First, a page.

If the "risky" park is large enough, then there may even be several distinct hot spots or unsafe places within the park as a whole. Several different crime problems may exist at each location, requiring a separate problem-solving process. However, it is also possible that diffusion will spread a successful intervention into other parts of the park.
See Problem-Solving Tools Guide #10 Analyzing Crime Displacement and Diffusion. Washington, D.C.: U.S. Department of Justice, Office of Community Oriented Policing Services
A "bad" place or risky facility sends out cues inviting crime and disorder. An important part of place-level problem-solving is to identify these cues and then change the message to one that invites civility and order. The messages in a public space tell how people are actually using it. These are signs that indicate whether people see the park as risky:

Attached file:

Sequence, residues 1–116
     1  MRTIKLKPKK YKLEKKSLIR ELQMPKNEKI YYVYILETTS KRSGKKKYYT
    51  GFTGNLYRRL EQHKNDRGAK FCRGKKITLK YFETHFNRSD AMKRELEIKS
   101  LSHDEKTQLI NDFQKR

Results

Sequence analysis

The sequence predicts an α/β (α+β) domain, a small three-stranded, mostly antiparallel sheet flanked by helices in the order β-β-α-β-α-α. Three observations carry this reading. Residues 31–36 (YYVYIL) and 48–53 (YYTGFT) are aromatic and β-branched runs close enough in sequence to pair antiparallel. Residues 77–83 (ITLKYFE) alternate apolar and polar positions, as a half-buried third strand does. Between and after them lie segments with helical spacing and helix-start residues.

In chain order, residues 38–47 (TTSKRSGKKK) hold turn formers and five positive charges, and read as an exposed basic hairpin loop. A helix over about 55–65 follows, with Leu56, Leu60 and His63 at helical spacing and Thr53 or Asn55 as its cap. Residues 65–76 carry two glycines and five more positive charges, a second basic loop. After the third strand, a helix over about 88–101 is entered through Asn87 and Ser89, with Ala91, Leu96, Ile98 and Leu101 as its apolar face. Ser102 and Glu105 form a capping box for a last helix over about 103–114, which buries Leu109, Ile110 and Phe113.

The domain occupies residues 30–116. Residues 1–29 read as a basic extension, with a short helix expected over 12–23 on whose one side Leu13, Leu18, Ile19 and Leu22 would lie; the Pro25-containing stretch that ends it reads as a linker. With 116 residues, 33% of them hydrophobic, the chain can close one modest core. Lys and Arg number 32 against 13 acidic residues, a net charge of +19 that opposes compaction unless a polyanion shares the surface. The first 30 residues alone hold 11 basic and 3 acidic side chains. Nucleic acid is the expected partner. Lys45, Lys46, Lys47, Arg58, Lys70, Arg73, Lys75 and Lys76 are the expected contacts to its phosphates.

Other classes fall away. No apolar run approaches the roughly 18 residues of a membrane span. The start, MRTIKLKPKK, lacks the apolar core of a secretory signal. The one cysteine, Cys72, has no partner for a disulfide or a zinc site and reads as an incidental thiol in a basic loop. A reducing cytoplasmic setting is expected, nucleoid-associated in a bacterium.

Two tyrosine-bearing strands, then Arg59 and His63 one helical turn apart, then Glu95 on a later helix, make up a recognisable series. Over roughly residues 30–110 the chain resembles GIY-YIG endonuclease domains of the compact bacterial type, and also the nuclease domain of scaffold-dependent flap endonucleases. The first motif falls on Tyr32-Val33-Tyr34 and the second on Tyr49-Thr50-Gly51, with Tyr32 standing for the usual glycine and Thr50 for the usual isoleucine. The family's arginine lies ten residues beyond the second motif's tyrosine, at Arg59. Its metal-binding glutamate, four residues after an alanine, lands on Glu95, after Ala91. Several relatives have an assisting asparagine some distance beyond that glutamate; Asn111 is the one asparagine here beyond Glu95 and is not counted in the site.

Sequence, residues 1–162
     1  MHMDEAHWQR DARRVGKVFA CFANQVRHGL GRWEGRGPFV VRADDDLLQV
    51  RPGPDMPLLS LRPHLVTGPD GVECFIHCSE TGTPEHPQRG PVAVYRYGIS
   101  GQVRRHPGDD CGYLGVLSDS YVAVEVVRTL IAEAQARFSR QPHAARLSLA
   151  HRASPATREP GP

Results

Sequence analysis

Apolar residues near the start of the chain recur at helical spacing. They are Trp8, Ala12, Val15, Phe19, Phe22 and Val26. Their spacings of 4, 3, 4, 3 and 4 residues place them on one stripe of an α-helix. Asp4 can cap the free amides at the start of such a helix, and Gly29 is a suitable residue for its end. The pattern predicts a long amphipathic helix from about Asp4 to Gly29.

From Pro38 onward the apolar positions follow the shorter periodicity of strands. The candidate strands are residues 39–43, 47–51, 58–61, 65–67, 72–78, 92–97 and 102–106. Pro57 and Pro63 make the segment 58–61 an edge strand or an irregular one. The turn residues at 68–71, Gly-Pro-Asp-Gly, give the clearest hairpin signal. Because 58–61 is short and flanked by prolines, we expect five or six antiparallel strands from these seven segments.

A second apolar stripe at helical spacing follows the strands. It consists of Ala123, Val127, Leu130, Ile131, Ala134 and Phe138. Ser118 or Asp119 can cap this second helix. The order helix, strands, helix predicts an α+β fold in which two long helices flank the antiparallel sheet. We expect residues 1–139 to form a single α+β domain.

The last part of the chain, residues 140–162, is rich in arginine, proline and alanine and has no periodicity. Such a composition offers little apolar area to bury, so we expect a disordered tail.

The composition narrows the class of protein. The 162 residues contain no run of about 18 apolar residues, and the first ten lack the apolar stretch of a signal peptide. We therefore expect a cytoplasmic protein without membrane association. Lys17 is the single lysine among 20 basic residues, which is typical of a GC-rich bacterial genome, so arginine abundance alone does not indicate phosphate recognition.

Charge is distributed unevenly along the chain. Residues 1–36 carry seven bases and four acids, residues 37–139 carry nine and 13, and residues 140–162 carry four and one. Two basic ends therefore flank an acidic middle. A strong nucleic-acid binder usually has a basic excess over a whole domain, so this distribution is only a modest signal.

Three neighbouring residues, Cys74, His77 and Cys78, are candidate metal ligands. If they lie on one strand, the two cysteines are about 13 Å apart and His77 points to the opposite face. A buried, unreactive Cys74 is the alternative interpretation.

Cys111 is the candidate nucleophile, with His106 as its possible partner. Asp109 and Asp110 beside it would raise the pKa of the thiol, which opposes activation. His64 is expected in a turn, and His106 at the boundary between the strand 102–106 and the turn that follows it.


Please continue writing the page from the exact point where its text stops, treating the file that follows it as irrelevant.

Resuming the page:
Successful policing of parks is a deliberate combination of community policing and problem- oriented policing. Successful prevention in a park will usually involve (1) experimenting with different design, maintenance, and policing strategies until the right combination for that specific park and its crime and disorder problems is found, while (2) working with the different groups that use the public space to promote the active community participation necessary for long-term crime prevention and community safety.